One comparable could be Sean Couturier, who signed an eight-year extension with the Philadelphia Flyers in Aug. 2021. That deal came with a cap hit of $7.75 million, and when looking at his production at the time, it seems like a good comp for Lindholm. Couturier had 176 points across 194 games in his three seasons before signing the extension, similar to the 184 in 221 Lindholm has as of this writing. 

My best guess is Lindholm signs close to what Couturier signed for, perhaps a little higher. An eight-year, $64 million deal seems like where he could land this summer. Would I pay him that? Probably not, but some team likely will. 

Steven Stamkos

Steven Stamkos might be the most fascinating UFA in this class. Not necessarily because he’s the best, but will the Tampa Bay Lightning keep the lifelong Bolt? Or will they let him walk and free up cap space to improve their depth, which has suffered some key losses over the last few years (Ondřej Palát, Alex Killorn, etc.)? 

Stamkos’ impacts have fallen off pretty drastically, but he’s still quite productive. He has 23 goals and 50 points in 56 games, and with his shot, he should remain productive, even if he can’t drive play as he once did. As a complementary player, he could be a valuable addition to a Cup contender looking to add more scoring. 

Steven Stamkos Tampa Bay Lightning
Tampa Bay Lightning forward Steven Stamkos (Photo by Amy Irvin / The Hockey Writers)

Plus, since he just turned 34 a couple of weeks ago, term shouldn’t be a killer in his next contract, as it’s unlikely he will get anything more than five years; the max I could see is five years, depending on the team he signs with. But admittedly, finding a comparable for him has been a bit difficult. 

I don’t know if the Lightning will retain Stamkos or not. It came down to the 11th hour when they re-signed him in 2016, but he was also 26. Julien BriseBois is pretty cutthroat in his decision-making as a GM. If he thinks it’s time to move on, then it’s time to move on. Still, someone will pay Stamkos. I could see something like the three-year, $21 million deal Joe Pavelski signed with the Dallas Stars ahead of the 2019-20 season. 

Matt Duchene

After getting bought out by the Nashville Predators this past summer, Matt Duchene has taken advantage of his new opportunity with the Dallas Stars. He has 22 goals and 55 points in 56 games, making for quite the bounce-back season. We’ll see if that means he’s priced himself out of the Stars’ range, but someone will pay him. 

Duchene just turned 33 in January, but he’s still got good hockey left in him based on how he’s playing. Like Stamkos, getting a max-term contract seems unlikely for Duchene, given his age. His current one-year deal with the Stars pays him $3 million, so he will likely get a pay raise from whoever signs him this summer.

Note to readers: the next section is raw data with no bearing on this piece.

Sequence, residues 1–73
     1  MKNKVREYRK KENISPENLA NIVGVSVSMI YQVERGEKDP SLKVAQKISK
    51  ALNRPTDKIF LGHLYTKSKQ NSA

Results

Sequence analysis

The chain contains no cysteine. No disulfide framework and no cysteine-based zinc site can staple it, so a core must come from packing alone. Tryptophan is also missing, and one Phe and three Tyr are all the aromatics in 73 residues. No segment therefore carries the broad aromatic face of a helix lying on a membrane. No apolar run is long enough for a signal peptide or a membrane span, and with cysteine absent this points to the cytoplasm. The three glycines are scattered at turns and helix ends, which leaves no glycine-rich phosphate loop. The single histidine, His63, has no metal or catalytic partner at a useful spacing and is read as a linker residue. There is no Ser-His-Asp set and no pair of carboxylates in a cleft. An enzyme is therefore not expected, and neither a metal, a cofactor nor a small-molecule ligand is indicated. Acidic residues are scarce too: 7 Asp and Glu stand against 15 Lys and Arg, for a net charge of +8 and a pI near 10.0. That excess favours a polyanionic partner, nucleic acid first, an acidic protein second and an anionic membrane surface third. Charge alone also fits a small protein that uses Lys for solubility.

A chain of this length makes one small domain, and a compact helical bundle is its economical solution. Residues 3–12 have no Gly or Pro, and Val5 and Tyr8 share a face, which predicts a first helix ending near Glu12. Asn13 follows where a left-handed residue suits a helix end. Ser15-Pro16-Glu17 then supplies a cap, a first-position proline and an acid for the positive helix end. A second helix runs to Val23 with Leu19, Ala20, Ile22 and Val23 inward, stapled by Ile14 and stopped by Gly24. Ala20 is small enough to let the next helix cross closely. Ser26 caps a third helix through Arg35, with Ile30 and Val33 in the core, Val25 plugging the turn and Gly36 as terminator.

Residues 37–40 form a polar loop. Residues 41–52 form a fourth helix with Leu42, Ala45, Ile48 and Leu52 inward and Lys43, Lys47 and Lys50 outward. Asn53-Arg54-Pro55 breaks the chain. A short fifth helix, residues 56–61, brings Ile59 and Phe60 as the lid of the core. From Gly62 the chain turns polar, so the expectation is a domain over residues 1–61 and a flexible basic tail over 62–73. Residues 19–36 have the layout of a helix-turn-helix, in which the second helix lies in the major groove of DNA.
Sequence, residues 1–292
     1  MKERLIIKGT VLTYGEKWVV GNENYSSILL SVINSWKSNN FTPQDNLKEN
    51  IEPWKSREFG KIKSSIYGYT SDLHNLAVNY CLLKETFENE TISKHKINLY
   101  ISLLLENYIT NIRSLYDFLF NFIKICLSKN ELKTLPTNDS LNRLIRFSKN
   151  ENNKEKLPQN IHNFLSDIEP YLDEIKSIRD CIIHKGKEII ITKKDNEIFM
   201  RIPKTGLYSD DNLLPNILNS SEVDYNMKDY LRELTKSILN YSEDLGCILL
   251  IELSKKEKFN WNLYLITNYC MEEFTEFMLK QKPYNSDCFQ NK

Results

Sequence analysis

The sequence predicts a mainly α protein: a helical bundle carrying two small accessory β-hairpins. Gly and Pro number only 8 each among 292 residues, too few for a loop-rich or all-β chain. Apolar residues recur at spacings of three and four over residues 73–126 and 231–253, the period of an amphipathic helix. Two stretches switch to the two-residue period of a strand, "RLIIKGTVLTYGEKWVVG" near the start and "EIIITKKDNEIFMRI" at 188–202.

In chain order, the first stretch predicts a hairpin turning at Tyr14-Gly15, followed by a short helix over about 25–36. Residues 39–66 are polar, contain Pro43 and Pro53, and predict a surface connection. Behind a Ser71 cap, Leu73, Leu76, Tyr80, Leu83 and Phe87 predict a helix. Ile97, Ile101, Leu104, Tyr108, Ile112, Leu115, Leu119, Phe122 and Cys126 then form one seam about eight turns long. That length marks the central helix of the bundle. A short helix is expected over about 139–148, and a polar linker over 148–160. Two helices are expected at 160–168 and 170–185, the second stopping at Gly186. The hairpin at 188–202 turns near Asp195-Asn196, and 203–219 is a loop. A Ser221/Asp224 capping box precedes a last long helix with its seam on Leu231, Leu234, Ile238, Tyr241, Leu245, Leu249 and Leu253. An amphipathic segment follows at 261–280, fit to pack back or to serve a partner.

Matt Duchene Dallas Stars
Dallas Stars forward Matt Duchene (Photo by Amy Irvin / The Hockey Writers)

One comparable for Duchene could be the three-year deal Claude Giroux signed with the Ottawa Senators in July 2022 that came with a cap hit of $6.5 million. Giroux had totaled 161 points in his previous 198 games before signing that contract, a bit less than the 197 points Duchene has in his last 205 games. 

Giroux was 34 years old at the time he signed that contract. Duchene will turn 34 next season, so it seems like a fair comp. It wouldn’t surprise me if Duchene signs somewhere for three years at a cap hit between $6.5 to $7 million.

Noah Hanifin

The market for defensemen is thin this summer, at least for high-end talent. Players like Brandon Montour, Brett Pesce and Brady Skjei will be good value signings, but they aren’t exactly top-dollar UFAs. Noah Hanifin bucks that trend, though. And it’s possible he could sign an extension with a new team if he gets traded before the March 8 trade deadline. 

Rumors earlier this season had Hanifin signing an extension with the Calgary Flames worth $7.5 million a year over seven years. Those obviously fell through, and it seems probable that the Flames will trade him. Unlike the UFAs listed here before, we have a number that was thrown out for Hanifin. But is he worth $7.5 million a year?

Morgan Rielly received an eight-year extension at a cap hit of $7.5 million from the Toronto Maple Leafs. He’s much more of an offensive threat from the back end than Hanifin, but Hanifin has had better defensive impacts than Rielly, especially over the last three seasons:

Noah Hanifin, Morgan Rielly
Noah Hanifin and Morgan Rielly’s even-strength impacts over the last 3 seasons